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Carney to Depart as White House Press Secretary, Succeeded by Deputy 

May 30 (Bloomberg) –- Bloomberg’s Peter Cook reports on the resignation of White House Press Secretary Jay Carney. He speaks with Mark Crumpton on Bloomberg Television’s “Bottom Line.” (Source: Bloomberg)

Jay Carney, President Barack Obama’s spokesman and the face of his communications operation, is leaving the White House.

Obama came to the briefing room today to announce Carney’s departure as press secretary. Josh Earnest, the principal deputy press secretary, will replace Carney, Obama said.

“Jay has become one of my closest friends,” Obama, who surprised reporters with his appearance and announcement, said. “I’m going to miss him a lot.”

Carney, 49, the former Washington bureau chief for Time Magazine, first joined the Obama administration as the communications director for Vice President Joe Biden. In 2011, Carney was selected to replace Robert Gibbs in the job that places him at the front of the press on a near daily basis at White House briefings.

“It’s not always pretty. It could certainly be better,” Carney told reporters today. “ But to be a part of it is an honor and a joy for me. And no matter how tough the briefing is, I walk out of here having been glad to stand here.”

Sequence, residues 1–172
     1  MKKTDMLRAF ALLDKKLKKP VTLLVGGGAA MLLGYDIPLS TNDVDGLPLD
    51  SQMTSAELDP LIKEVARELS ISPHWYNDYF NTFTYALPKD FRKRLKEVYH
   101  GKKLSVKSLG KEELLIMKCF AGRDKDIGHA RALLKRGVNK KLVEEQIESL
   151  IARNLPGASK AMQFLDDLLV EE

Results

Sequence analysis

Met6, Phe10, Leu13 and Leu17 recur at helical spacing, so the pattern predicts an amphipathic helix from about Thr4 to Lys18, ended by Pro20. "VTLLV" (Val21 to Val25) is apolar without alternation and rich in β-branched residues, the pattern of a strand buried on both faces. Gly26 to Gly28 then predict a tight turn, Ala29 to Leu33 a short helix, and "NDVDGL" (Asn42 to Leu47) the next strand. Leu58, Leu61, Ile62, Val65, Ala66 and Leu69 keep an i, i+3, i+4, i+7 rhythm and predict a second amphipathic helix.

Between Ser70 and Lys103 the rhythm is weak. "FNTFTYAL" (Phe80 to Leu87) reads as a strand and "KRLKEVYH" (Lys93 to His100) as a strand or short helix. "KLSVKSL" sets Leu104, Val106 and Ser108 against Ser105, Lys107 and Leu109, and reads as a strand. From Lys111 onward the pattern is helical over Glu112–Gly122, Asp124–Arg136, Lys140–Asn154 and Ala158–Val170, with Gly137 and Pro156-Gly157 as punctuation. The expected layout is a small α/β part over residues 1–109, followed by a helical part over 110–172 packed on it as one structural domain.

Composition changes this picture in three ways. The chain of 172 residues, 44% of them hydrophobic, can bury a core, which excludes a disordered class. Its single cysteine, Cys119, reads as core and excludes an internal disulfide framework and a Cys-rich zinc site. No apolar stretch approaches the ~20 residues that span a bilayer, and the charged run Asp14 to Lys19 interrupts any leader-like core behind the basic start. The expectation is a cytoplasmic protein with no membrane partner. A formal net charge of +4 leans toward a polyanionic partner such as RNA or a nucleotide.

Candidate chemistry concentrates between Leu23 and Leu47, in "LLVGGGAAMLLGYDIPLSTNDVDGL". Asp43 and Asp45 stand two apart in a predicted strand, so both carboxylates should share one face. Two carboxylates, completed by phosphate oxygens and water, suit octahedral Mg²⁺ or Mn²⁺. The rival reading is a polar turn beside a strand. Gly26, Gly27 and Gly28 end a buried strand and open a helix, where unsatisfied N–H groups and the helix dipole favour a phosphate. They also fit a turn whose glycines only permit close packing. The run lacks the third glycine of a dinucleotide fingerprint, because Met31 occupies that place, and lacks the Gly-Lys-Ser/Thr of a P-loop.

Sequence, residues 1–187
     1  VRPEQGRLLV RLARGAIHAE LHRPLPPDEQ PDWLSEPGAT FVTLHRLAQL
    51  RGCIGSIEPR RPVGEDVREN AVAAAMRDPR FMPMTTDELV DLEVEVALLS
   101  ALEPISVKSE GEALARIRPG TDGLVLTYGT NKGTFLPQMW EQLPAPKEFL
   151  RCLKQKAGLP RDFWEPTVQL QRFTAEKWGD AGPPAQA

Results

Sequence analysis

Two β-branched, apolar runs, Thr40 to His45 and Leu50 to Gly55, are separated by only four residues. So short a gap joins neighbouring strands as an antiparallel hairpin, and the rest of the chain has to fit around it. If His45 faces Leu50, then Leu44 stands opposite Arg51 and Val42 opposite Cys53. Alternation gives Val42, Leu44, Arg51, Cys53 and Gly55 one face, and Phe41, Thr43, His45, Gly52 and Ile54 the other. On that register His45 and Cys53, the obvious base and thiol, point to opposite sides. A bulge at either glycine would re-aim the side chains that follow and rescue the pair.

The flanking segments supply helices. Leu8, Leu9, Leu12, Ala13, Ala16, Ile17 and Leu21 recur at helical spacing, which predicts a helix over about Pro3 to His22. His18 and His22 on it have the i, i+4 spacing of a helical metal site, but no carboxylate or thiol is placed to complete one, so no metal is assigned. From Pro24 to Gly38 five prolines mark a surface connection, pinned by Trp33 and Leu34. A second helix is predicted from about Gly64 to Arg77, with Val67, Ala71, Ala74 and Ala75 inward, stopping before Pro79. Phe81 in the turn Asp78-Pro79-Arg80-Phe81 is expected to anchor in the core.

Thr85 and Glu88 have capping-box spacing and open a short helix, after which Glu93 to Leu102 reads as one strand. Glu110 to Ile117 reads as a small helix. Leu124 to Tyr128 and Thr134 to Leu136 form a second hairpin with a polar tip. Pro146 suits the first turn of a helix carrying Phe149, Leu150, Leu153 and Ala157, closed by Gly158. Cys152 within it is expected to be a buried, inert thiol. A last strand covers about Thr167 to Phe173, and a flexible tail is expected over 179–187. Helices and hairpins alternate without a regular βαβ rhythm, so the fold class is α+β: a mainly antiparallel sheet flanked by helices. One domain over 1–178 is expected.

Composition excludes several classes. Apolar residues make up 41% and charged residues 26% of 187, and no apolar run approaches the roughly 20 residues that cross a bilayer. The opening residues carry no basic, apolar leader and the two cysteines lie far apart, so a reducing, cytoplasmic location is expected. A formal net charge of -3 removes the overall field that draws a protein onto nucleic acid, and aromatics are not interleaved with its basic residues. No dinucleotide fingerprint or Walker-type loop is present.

Earnest, 39, a native of Kansas City, Missouri, joined Obama’s presidential campaign in March 2007 as his Iowa communications director. He’s considered well-liked by the White House press corps and is known in part for his narration of a weekly YouTube video on White House events.

Photographer: Brendan Smialowski/AFP via Getty Images

White House Principal Deputy Press Secretary Josh Earnest, left, and Press Secretary Jay Carney arrive for a daily briefing at the White House in this Nov. 15, 2013 file photo. Close

White House Principal Deputy Press Secretary Josh Earnest, left, and Press Secretary... Read More

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Photographer: Brendan Smialowski/AFP via Getty Images

White House Principal Deputy Press Secretary Josh Earnest, left, and Press Secretary Jay Carney arrive for a daily briefing at the White House in this Nov. 15, 2013 file photo.

Carney said he approached Obama in April about leaving the administration to be able to spend more time with his family. He plans to take time off before deciding on his next career move. Carney said Earnest would take over in mid-June.

To contact the reporter on this story: Phil Mattingly in Washington at pmattingly@bloomberg.net

To contact the editors responsible for this story: Steven Komarow at skomarow1@bloomberg.net Joe Sobczyk

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